WHERE DOES DOWN COME FROM? – Down is the fluffy, small plumage found underneath the outer feather layer on waterfowl birds, mostly ducks and geese. These tiny filament fibers insulate the birds and keep them warm even in frigid conditions. Most down is a byproduct of the meat industry, 70% of it coming from China.
AVOIDING INFERIOR QUALITY AND POOR ETHICS – Sometimes affordable down jackets are stuffed with materials other than down or contain only a small amount of down that’s blended with feathers or filler. For the best insulating value and warmth-to-weight ratio, look for jackets that are made with 100% duck or goose down. If the fill power isn’t advertised, it’s likely the jacket isn’t top quality and won’t compress very well. Inexpensive down jackets are also sometimes made with materials that are unethically sourced. To be sure you aren’t supporting bad practices like force feeding or live plucking, check whether a company uses traceable down or complies with the Responsible Down Standard. Companies that use good practices are generally proud of it and clearly state it for their customers to see. For us, it’s worth paying a bit more for the peace of mind.
WHAT IS FILL POWER? – Fill power is a measurement of the “fluffiness” of the down. The higher the number, the more efficient the down is at insulating. The warmth of the jacket also depends on how much down it’s stuffed with (typically in oz.), so it’s important to look at both fill power and fill weight. Just remember, the greater the fill power, the loftier the fibers are. This means that you need a smaller amount of high-quality down to trap the same amount of body heat that a larger amount of low-quality down would. So high-fill-power jackets are usually slimmer, lighter, and more packable. The warmest down jackets will also have hoods, cinches at the cuffs/hem, and wind-proof fabric to help retain maximum body heat.
WHEN HIGH FILL POWER MATTERS – 800+-fill-power down products like clothing, quilts, and sleeping bags are generally much more expensive than lower-fill-power products. But for activities like backpacking where weight and bulk matter a lot, it makes sense to spend more money for highly efficient down that compresses easily to fit into a backpack and fluffs back up when you need it. For times when packability and weight aren’t as important however, a super puffy jacket stuffed full of lower-fill-power down will keep you just as warm.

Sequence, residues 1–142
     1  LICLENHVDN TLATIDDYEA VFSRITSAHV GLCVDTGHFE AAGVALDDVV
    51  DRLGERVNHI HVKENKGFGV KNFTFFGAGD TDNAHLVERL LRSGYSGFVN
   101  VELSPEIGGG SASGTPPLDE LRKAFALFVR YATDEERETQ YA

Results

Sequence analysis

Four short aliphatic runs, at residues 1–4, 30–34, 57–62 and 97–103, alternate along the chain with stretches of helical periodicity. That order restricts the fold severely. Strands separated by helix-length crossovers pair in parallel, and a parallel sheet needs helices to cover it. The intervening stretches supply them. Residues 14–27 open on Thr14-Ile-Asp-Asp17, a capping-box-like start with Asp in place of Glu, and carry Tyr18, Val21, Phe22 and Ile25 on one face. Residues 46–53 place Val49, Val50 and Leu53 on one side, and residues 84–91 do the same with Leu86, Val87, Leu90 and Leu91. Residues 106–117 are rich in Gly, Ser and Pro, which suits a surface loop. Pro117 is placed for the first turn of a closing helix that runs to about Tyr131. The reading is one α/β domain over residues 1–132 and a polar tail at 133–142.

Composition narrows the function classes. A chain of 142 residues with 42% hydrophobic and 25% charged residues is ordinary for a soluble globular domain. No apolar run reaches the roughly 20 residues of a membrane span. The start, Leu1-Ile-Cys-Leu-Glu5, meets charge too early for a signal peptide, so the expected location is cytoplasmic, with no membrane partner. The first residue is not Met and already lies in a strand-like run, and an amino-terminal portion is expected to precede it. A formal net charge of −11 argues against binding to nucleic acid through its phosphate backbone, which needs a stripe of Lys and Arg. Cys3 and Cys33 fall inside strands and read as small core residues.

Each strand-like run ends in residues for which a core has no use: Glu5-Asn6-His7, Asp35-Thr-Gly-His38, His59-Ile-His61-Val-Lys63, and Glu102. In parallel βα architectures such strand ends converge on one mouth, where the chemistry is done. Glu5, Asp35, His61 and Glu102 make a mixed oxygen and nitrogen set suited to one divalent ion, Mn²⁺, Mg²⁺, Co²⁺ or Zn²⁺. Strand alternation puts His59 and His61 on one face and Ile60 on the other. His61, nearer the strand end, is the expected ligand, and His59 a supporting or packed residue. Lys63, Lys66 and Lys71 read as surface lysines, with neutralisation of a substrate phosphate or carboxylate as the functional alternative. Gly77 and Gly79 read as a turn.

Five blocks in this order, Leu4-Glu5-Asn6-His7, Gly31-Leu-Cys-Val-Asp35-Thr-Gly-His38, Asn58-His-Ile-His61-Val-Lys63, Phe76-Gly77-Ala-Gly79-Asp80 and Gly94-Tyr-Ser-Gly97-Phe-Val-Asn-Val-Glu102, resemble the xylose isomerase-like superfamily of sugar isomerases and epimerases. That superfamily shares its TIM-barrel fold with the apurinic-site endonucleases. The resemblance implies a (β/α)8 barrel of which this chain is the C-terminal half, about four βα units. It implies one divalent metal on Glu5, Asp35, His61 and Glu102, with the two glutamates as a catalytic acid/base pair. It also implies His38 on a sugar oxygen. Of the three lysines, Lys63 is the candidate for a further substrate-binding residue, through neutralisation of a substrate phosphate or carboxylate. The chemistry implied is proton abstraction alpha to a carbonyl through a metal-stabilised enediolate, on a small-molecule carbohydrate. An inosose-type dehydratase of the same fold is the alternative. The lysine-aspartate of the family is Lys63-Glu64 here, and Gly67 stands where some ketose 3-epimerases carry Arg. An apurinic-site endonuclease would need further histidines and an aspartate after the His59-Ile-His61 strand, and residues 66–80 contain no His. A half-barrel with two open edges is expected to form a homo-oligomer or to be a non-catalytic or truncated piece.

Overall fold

HYDROPHOBIC DOWN – Goose and duck down are naturally hydrophobic to start with. The problem is that unwashed down smells and can rot if it’s not stripped of the majority of its natural oils, so it gets thoroughly cleaned which reduces its hydrophobic properties. Some outdoor apparel companies choose to treat their down with chemicals to make it absorb less water and dry out faster if exposed to moisture. To make the down more hydrophobic again after washing, PFC-based, silicone-based, or wax-based coatings can be applied, but the jury is still out on whether or not they make much of a difference. As far as we can see, hydrophobic treatments don’t hinder the performance of down, however, they do increase the environmental impact of manufacturing. If you really want to make sure your down jacket stays dry, the best defense is a good water-repellent shell and taking care to keep it out of conditions it’s not intended for.
WASHING– Down is a durable material, but it loses some of its efficiency when it gets oily or dirty over time. If properly maintained, a down jacket can last for many years. For details on down care, visit ourHow to Wash a Down Coat tutorial.
need more Gear advice?
If you liked this list, you’ll love the CleverHiker Gear Guide where we test and recommend tons of outdoor adventure gear from a variety of categories. here are some links to popular articles: